September 17th, 2020
Video calling has had a huge and mainly positive impact on our society as we know it. Its mere existence has allowed for advancements in many fields such as teaching, justice, business and medicine. But imagine a world without video calls. A world, where during a global pandemic, you were unable to simultaneously see the faces of your loved ones as you talked to them. It’s something that we now take for granted.
You might say, “There’s no need to make a song and dance out of it”, but that’s exactly what global superstars Beyonce and Lady Gaga did in 2008 with their single “Video Phone”.
Yes, video phones have played a huge part in popular culture in the 21 st century. A technology that bridges the gaps in distance between users. With over 40 million Skype users active every day, it’s hard to imagine an age when we couldn’t make video calls. But believe it or not, there was such a time.
Of course, the concept of video calling didn’t exist a mere century ago. The Teleconference of the US Secretary of Commerce, Herbert Hoover, which took place in 1927, is one of the first demonstrations of the “video phone”. Hoover delivered a speech from Washington that was seen AND heard in a laboratory in New York. But really, this was a combination of TV magic and telephone – he wasn’t some sort of iPhone carrying time traveller.
Fast forward a mere 37 years and you get the real deal. A monumental landmark in Video Conferencing, the AT&T presented the PicturePhone at the World Fair in New York in 1964. Unfortunately for AT&T it wasn’t exactly an instant hit. By the end of the 70’s it became clear that despite all the marketing efforts made, the PicturePhone was doomed. Probably because of the cost -$160 per month for each end point, that’s almost $1000 a month in today’s money (or £755 to us Brits) so most domestic households and businesses could not afford it.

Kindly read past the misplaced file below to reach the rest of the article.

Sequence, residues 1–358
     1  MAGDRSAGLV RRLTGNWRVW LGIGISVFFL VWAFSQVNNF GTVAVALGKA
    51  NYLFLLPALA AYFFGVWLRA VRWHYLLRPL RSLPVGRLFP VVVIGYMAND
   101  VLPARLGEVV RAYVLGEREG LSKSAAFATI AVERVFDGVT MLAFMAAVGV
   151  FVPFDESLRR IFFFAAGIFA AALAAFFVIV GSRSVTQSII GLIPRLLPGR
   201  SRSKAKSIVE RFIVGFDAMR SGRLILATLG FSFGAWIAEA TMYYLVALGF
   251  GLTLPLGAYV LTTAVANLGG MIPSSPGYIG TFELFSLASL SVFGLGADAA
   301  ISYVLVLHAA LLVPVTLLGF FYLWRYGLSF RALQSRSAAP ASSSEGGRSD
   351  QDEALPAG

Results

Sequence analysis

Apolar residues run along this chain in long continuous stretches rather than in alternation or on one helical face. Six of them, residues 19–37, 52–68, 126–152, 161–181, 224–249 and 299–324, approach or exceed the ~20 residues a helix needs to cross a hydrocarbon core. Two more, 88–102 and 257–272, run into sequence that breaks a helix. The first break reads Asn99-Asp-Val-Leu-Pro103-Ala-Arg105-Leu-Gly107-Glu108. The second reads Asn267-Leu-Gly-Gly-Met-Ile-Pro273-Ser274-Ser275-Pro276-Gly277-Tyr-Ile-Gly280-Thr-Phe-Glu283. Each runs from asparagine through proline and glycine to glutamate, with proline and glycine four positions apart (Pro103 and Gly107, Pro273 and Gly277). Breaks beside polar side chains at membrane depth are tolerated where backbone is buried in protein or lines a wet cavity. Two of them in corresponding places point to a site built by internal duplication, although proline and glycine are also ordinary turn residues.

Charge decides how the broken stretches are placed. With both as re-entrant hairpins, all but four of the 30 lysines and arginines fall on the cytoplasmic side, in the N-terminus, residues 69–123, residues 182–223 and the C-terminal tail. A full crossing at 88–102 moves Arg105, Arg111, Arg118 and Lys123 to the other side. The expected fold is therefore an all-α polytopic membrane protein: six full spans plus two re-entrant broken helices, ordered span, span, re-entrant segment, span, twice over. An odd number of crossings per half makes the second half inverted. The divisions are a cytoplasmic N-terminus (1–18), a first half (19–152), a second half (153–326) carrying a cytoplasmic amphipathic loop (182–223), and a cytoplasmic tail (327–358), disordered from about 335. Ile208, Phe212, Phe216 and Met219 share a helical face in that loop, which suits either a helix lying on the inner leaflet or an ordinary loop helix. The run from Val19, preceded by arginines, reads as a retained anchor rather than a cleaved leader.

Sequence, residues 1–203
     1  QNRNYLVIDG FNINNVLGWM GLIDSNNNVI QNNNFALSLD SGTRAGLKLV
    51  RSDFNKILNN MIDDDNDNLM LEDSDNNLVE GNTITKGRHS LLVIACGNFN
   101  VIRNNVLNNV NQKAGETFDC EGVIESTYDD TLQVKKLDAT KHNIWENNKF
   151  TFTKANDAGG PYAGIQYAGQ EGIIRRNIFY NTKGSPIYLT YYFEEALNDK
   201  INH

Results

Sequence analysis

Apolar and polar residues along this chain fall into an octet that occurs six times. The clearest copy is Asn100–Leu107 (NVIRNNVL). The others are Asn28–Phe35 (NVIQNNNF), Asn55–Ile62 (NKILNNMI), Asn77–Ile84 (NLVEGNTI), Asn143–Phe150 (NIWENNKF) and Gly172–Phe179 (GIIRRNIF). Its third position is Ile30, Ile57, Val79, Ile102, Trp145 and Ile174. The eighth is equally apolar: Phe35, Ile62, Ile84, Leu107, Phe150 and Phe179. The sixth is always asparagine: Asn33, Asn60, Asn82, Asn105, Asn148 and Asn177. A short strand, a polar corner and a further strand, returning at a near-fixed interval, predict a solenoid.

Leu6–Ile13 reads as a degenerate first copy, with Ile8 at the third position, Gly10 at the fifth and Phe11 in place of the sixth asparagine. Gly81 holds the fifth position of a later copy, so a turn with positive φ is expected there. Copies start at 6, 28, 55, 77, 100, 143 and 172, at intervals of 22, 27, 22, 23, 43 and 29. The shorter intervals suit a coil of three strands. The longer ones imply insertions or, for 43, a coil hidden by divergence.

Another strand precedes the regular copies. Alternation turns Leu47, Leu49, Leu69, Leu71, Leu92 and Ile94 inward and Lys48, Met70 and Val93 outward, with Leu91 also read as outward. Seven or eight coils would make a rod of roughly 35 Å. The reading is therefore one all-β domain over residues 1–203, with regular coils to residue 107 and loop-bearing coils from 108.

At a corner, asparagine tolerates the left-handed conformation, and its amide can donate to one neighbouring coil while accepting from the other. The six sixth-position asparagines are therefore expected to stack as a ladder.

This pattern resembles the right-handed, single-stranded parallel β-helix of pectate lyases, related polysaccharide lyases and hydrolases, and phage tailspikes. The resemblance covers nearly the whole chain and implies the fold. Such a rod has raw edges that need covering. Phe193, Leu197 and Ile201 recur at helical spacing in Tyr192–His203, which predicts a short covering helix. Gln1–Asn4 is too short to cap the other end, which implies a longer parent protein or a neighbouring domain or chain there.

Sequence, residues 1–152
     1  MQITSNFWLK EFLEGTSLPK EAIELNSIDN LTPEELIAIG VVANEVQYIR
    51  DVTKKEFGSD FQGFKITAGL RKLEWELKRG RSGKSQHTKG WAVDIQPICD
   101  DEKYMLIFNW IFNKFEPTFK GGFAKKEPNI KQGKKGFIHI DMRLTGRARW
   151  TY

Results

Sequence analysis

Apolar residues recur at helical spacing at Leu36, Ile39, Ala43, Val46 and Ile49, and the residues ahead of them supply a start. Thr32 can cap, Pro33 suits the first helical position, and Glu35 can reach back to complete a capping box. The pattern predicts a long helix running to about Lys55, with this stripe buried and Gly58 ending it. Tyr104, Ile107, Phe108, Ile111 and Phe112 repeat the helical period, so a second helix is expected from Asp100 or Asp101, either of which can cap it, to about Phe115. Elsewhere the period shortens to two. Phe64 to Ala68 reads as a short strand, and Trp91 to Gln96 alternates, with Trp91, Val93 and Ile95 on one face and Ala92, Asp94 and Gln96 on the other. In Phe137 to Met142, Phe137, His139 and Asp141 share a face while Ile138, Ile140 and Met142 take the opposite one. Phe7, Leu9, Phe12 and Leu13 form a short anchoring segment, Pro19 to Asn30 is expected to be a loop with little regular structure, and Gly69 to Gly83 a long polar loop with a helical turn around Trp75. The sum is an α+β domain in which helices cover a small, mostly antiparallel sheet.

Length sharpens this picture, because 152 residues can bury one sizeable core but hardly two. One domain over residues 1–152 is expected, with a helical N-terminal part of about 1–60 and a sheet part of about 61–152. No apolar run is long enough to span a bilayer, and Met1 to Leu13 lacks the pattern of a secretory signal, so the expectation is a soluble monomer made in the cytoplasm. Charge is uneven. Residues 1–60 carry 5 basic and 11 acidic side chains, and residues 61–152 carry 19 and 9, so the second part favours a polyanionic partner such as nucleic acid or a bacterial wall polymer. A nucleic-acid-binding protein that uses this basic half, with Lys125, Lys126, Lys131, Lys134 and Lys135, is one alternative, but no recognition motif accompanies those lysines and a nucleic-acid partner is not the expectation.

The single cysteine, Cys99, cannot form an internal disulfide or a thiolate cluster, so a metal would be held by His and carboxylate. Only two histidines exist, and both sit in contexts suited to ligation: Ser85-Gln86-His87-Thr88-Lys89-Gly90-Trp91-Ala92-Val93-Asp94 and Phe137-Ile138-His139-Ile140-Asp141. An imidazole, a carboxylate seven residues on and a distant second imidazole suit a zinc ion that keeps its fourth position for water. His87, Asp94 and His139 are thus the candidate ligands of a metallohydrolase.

The PicturePhone did, however, facilitate Keum Ja Kim though, a 15-year-old soloist with the World Vision Orphan Choir, to audition for Robert Merrill, a star with the Metropolitan Opera in 1965. I’m not sure how successful she was though.
Meanwhile in 1971, in the UK, a visual collaboration system was launched by the British Post Office. It was called Confravision and it connected London, Bristow, Birmingham, Glasgow, and Manchester, then later connected the UK and Sweden. It came with a scrambler for “top-secret deals” and, as this video suggests, even the simplest of secretaries can handle the link-up to enable directors to confer together.
It was a decade later when Video Conferencing became more accessible. Advancement in the technology such as Network Video Protocol (NVP) in 1976 and the Packet Video Protocol (PVP) in 1981 started bringing the technology to more than just NASA and the military. In 1982 Compression Labs introduced their system to the world, for the handsome sum of just $250,000; and in 1986 PictureTel’s VC would hit the market with its system at just $80,000.
In the mid 80’s video calling was expensive and used by the likes of Wall Street big wigs, mainly in Hilton Hotels in the US. The hotel chain built a video conferencing network linking dedicated suites in New York, Washington, Chicago and San Francisco, using GEC McMichael systems.